6 Ways to Avoid Focusing on the Negative Things
When you spend more time focusing on the negative comment rather than all the positive things that also took place.
Have you ever experienced a relatively good interaction only to walk away and have one negative comment continue to play in your mind?
……this is what happened to Mia after a review with her manager.
Even though Mia had some anxiety about how the conversation would flow at her yearly review, she realised it was more excitement than worry. She had only received glowing comments throughout the last 12 months.
And as she expected, the review went exceptionally well.
There was praise for her initiative and competency in work completed to date, and she felt proud of her achievements.
As she was just about to leave, her manager offered her a suggestion on working better with a new colleague who had moved to her team.
Two days earlier, Mia had to talk with Ben about prioritising tasks to meet project deadlines.
This is what Leah was referring to, Mia thought.
Had he complained about her and her management style?
Even though it was a passing suggestion by Leah, Mia couldn’t stop thinking about it.
That evening as she recalled the meeting with her partner, she found it difficult to remember all the positive comments discussed.
Instead, her mind continued to return to the final suggestions.
What was happening, she thought?
Why we have a tendency to focus on the negatives.
As humans, we have been hardwired to pay more attention to the negative experiences in our surroundings, more so than the positive.
This is what psychologists refer to as negativity bias.
And while it’s an evolutionary way of keeping us alive by alerting us to any potential danger in our environment, it can cause us to focus on the bad things going on in our lives with little or no attention to the good stuff.
How does focusing on the negative work?
Negative emotions are processed by the amygdala, the almond-shaped region in your brain. Safety is your biggest concern, and two-thirds of this incredible structure is designed to look for any potential threat. When negative experiences are detected in your environment, they are rapidly stored in memory.
This is unlike positive events and experiences, which require greater effort to be transferred from short term to long term memory.
As Rick Hanson describes it in his book Buddha’s Brain: The Practical Neuroscience of Happiness, Love and Wisdom – “the brain is like Velcro for negative experiences and Teflon for the positive.”
Just because focusing on the negative is the human default setting, it doesn't mean that you can't override it.
How do you stop focusing on the negative comments?
1. Keep your awareness open... by recognising and acknowledging when the negative patterns are activated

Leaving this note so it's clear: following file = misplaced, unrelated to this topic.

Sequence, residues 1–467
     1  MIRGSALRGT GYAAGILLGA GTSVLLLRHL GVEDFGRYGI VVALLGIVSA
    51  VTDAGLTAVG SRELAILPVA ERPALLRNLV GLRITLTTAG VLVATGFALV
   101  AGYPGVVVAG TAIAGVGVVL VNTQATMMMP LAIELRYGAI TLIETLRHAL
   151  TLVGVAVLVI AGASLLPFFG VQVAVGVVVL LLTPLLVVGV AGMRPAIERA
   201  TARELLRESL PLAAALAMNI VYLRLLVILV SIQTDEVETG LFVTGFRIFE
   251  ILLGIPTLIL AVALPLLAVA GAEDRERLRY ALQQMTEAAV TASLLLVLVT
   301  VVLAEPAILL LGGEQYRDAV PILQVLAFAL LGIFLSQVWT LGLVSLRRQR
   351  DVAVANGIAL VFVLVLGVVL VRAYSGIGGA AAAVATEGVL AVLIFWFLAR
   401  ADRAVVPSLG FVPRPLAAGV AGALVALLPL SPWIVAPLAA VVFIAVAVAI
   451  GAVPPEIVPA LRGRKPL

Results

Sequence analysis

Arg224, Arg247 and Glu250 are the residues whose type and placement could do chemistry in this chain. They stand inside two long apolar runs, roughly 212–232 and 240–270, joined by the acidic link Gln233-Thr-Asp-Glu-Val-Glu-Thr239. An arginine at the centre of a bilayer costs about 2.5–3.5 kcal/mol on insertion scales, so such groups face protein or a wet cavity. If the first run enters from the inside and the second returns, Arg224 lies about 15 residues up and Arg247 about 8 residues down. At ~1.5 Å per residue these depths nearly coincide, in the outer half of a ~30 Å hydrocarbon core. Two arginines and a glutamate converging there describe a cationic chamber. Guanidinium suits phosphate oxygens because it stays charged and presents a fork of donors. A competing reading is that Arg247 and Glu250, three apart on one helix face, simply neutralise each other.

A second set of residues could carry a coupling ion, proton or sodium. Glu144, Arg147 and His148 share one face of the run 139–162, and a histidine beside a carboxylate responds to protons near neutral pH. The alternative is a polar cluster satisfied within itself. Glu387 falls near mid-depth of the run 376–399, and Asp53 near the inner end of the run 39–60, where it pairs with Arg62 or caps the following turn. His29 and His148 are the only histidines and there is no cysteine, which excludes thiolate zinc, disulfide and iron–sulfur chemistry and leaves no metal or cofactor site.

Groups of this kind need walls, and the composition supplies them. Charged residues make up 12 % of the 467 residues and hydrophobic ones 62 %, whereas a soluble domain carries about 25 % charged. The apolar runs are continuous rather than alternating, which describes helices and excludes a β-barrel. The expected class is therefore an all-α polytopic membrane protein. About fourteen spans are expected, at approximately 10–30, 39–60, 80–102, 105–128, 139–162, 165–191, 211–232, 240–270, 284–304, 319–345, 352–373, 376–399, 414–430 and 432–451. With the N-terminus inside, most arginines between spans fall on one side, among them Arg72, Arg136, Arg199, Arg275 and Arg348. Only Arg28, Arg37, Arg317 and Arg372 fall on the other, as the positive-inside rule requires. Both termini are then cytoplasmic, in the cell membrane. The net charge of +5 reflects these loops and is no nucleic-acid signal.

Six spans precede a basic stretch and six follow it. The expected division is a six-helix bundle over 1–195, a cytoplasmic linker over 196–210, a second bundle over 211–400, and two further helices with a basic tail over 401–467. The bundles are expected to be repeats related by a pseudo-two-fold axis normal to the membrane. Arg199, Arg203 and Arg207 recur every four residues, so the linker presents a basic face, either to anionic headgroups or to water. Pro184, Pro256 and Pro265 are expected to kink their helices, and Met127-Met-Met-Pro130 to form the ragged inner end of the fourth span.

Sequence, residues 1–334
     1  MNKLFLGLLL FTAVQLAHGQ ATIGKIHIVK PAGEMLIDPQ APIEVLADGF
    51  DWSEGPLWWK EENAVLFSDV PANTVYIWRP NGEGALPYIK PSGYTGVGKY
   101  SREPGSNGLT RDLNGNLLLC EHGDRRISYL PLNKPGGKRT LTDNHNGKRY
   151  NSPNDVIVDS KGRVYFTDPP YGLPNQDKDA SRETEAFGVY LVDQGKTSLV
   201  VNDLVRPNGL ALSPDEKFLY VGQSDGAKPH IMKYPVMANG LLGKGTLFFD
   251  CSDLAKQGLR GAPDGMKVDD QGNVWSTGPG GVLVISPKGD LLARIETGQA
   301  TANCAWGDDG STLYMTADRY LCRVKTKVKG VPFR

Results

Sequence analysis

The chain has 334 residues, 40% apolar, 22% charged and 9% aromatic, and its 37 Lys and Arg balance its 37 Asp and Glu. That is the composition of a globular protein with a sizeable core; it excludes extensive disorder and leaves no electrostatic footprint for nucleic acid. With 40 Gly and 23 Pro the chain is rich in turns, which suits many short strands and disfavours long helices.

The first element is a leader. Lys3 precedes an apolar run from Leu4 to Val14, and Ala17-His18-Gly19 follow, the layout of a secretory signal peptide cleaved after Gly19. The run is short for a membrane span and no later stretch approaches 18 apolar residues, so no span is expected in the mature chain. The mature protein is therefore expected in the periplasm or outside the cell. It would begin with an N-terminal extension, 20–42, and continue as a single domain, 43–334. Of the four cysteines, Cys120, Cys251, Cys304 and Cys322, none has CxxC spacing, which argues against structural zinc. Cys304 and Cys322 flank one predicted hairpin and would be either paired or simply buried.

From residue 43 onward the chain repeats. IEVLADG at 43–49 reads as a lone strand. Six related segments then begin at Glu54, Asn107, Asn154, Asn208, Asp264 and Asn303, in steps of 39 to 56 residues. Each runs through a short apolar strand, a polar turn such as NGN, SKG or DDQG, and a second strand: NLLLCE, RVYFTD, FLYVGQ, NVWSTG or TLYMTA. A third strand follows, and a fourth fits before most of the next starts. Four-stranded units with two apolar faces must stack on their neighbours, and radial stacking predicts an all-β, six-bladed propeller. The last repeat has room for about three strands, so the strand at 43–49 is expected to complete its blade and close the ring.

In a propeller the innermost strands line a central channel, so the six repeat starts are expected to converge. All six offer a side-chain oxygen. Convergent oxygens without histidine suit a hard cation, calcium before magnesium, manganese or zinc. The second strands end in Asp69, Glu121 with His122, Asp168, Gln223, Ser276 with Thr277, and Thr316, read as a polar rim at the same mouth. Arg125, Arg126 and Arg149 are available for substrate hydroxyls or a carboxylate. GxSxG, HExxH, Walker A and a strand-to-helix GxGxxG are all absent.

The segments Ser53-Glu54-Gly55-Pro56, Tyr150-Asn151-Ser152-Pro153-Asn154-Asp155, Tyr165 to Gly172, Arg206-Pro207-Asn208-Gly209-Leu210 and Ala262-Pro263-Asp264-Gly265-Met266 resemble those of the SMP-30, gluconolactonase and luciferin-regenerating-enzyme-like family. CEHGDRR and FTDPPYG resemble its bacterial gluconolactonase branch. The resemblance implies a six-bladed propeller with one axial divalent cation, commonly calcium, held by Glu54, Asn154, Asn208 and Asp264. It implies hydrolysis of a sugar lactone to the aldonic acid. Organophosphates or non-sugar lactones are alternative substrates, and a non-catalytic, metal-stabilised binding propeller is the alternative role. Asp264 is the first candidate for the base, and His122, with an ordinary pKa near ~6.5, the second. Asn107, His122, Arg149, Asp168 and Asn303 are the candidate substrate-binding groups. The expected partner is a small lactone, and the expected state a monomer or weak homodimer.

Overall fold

It’s about being mindful of when your brain keeps returning to that one negative thing.
In Mia’s case, she might say, “here I go again, focusing on the last comment.”
2. Note what you are telling yourself about the experience
Listen for the negative self-dialogue and substitute kinder ways to speak to yourself.
Mia could say to herself – “the review was so positive, I will take Leah’s comments and improve my conversations style with Ben” or “I’m still learning I will remember this for future encounters.”
3. Adjust your Focus.
The human mind has evolved to be sensitive to the negative, but you can compensate by adjusting your focus and considering the positive.
Mia, could look through the written review and recall all the good things Leah had said about her.
She could make a list and keep it on her desk to go through regularly. (which leads to the next point)
4. Take time to Savour the positive experience.
While negative experiences get stored in memory rapidly, we need to make a conscious effort to hold the positive experiences in our awareness for about 10 seconds to be stored in memory.
One way to do this is to savour these positive experiences by recalling and replaying the event or occasion in your mind a couple of times.
Be present, feel the sensations in your body and commit those beautiful feelings to memory.
5. Get into the habit of celebrating all the small victories.
All too often we tend to brush past the small wins, but we want to rewire the brain to experience more of these good feelings.
So really acknowledge them, letting them sink in when they happen.
Write them down and keep them somewhere you can access them quickly and easily. Look over them often.
It’s perfect when you need an instant boost of positivity.
6. Create a daily practice of being grateful.
Keeping a journal and writing down what you are thankful for helps to rewire your brain to look for the good.
Good things happen all the time, and many go unnoticed, so it’s essential to acknowledge these regularly.
Then when something negative does happen, you can put it into perspective.
While it’s our genetic makeup to remember the negative, we don’t have to dwell there.
We can detect and rewire our brains not to overestimate the threats but instead to look for the positive and keep our brains balanced with both good and not so good things.